Canopy and facade of Mandarin Oriental, Doha
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Six unique MO design destinations

Always characterful, often innovative and definitely unique, Mandarin Oriental hotels and resorts exude superior design, from bespoke artworks to sustainable architecture. Here are six creative design features to discover during your next stay

Leah Wood paints butterflies on Butterfly Terrace walls at Mandarin Oriental Hyde Park, London

Take flight at London’s Butterfly Terrace

Red admirals, cabbage whites, common blues, meadow browns; there is a spectrum of English butterflies, and Leah Wood hand-painted more than 100 lifelike examples on the walls at Mandarin Oriental Hyde Park, London. The hypnotically colourful result is Butterfly Terrace: a balcony space adjacent the hotel’s ballroom (in which the Queen and Princess Margaret learned to dance). An environmental activist as well as an artist, Wood – the daughter of Rolling Stone, Ronnie – says she creates art that she hopes will “raise awareness about the environment in the face of climate change”. It’s a design choice that also complements Joyce Wang's Hyde Park-inspired interior redesign of the hotel, and made the narrow, elegant terrace a point of creative interest.

Bathroom with oval tub at Mandarin Oriental, Doha

Experience Doha’s best new eco-design

With innovative ‘green’ architecture and an influx of business creatives, the Qatari capital’s sustainable neighbourhood of Msheireb Downtown Doha has revived a commercial district that had fallen quiet. “Msheireb now has one of the world’s largest groupings of ‘LEED’-certified buildings, for Leadership in Energy and Environmental Design,” says journalist Sakhr Al-Makhadhi. “But in many ways, the contemporary architecture here takes its cues from the energy-efficient courtyard houses of old.”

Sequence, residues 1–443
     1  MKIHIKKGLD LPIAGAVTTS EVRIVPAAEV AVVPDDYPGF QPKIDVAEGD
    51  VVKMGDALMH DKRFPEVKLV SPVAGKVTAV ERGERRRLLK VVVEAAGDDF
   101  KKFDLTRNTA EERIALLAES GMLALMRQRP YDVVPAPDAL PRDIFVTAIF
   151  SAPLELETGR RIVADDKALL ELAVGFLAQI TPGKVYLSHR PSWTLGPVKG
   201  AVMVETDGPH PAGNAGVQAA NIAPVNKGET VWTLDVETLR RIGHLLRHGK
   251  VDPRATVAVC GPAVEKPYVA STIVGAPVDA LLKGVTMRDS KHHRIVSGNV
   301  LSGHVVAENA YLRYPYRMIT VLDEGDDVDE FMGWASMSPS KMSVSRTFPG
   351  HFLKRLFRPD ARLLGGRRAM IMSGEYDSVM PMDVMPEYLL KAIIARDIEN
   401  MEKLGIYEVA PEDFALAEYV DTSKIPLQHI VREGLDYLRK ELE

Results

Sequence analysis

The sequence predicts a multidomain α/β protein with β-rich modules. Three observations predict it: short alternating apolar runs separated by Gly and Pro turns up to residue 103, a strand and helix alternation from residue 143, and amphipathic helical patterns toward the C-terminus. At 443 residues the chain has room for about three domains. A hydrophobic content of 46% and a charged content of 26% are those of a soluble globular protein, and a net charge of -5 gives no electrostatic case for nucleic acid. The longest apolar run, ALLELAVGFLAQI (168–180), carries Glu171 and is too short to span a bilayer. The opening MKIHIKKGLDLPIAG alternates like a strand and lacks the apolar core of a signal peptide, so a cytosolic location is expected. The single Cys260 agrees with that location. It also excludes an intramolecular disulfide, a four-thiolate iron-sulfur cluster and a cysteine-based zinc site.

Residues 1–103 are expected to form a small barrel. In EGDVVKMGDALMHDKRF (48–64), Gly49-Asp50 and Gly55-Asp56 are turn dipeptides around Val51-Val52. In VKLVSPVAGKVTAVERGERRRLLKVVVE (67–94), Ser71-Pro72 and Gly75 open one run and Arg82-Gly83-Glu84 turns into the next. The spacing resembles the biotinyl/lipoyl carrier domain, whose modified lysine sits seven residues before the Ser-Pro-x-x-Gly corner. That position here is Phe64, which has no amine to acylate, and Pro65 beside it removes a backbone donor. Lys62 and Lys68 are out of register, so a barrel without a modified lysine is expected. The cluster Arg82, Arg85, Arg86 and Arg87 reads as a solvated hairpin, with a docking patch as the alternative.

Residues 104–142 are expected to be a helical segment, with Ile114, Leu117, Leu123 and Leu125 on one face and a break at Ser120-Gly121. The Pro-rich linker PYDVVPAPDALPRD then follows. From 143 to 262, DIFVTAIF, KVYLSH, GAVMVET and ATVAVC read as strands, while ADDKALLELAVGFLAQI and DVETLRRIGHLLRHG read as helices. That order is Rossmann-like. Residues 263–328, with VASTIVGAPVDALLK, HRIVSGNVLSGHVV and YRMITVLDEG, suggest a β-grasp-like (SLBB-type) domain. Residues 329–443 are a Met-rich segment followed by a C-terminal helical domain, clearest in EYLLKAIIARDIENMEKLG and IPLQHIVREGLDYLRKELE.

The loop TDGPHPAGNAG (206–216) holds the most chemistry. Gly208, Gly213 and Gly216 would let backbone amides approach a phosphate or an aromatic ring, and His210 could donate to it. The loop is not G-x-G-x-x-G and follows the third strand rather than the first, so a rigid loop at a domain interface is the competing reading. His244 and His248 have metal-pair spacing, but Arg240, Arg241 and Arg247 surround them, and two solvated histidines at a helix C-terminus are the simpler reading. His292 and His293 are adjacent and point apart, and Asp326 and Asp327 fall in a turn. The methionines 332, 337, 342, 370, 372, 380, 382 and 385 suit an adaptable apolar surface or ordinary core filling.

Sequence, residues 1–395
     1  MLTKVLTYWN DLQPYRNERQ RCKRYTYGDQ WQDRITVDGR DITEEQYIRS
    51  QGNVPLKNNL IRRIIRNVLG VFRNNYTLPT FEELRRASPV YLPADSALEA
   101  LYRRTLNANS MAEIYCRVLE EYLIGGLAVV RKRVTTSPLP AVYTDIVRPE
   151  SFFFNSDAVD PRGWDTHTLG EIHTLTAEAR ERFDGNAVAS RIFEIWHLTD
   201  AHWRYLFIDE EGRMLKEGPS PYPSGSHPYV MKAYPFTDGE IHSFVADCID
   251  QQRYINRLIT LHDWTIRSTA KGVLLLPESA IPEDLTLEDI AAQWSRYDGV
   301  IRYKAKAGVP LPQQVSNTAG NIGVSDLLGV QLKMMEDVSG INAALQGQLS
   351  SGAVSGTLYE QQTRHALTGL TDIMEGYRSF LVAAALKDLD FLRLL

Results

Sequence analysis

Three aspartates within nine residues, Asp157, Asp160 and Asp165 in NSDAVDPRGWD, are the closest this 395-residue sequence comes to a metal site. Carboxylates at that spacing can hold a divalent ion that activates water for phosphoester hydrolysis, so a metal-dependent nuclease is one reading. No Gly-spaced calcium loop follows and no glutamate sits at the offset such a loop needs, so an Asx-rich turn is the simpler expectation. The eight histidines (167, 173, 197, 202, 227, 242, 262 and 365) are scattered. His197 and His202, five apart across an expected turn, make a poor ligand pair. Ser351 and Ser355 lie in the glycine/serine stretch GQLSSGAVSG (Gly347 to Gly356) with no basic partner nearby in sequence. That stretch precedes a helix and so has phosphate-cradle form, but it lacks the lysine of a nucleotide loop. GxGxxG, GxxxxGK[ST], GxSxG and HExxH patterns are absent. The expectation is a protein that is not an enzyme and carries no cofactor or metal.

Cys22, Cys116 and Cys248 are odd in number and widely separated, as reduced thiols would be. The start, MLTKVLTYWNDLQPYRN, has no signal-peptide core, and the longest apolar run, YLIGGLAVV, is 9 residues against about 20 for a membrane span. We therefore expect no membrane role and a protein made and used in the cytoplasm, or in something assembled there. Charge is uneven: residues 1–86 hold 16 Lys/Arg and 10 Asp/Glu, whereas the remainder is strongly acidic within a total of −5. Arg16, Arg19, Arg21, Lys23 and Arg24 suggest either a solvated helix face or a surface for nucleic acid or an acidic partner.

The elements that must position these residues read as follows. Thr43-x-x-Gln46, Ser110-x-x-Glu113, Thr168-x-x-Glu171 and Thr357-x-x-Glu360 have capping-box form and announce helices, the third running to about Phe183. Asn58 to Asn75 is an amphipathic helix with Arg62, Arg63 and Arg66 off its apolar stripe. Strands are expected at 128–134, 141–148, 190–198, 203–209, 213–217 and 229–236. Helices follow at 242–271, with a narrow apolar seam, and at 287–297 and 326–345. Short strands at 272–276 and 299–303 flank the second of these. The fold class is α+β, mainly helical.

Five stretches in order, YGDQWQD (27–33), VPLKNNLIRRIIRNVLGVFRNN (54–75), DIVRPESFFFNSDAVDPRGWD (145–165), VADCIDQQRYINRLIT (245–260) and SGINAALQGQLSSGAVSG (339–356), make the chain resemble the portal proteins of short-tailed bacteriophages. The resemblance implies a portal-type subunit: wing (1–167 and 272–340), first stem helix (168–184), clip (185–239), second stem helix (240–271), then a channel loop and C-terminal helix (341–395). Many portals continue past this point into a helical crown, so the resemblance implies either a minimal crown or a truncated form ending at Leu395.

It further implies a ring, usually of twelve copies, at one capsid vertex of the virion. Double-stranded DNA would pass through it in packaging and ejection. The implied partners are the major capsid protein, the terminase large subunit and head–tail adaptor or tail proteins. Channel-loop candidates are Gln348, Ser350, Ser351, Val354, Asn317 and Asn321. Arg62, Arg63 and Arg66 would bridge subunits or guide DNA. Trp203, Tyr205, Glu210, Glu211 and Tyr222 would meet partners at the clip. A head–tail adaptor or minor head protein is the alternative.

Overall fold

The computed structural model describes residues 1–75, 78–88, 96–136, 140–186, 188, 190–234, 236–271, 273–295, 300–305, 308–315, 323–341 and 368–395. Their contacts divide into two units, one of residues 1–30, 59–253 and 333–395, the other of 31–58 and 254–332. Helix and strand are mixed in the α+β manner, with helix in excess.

Msheireb has a hotel to match its ambitions in the form of Mandarin Oriental, Doha. The water pouring into those glamorous oversized bathtubs is heated by solar panel, and the wastewater heads to Downtown Doha’s water treatment plant. What guests will notice first is none of this, but the extraordinary hotel environment of David Collins Studio and architects John McAslan + Partners, which combines the design language of Qatari culture with the highest sustainability standards.

Pink peach fish sculpture at hangs in the lobby of Mandarin Oriental Wangfujing, Beijing

See Frank Gehry’s fish in China

What is it about Frank Gehry and fish? They have been a recurring motif for the top-flight architect – celebrated for his extraordinary modernist buildings including the Guggenheim Museum Bilbao – who began his creative life as a furniture designer and created his first ‘Fish Lamps’ in the early 1980s. They’ve been seen in the world’s most respected galleries, such as Gagosian, and you’ll also find an example in the lobby at Mandarin Oriental Wangfujing, Beijing. “The lamp here is a crown of three koi chasing one another, and is unusual in that it’s a tricoloured example of Gehry’s more-often monochrome Fish Lamps,” says art and design writer, Skye Sherwin. “He began making them in 1983, as a commission for Formica to create objects from its new plastic laminate. After shattering a piece by accident, he was apparently reminded of fish scales, and got to work.”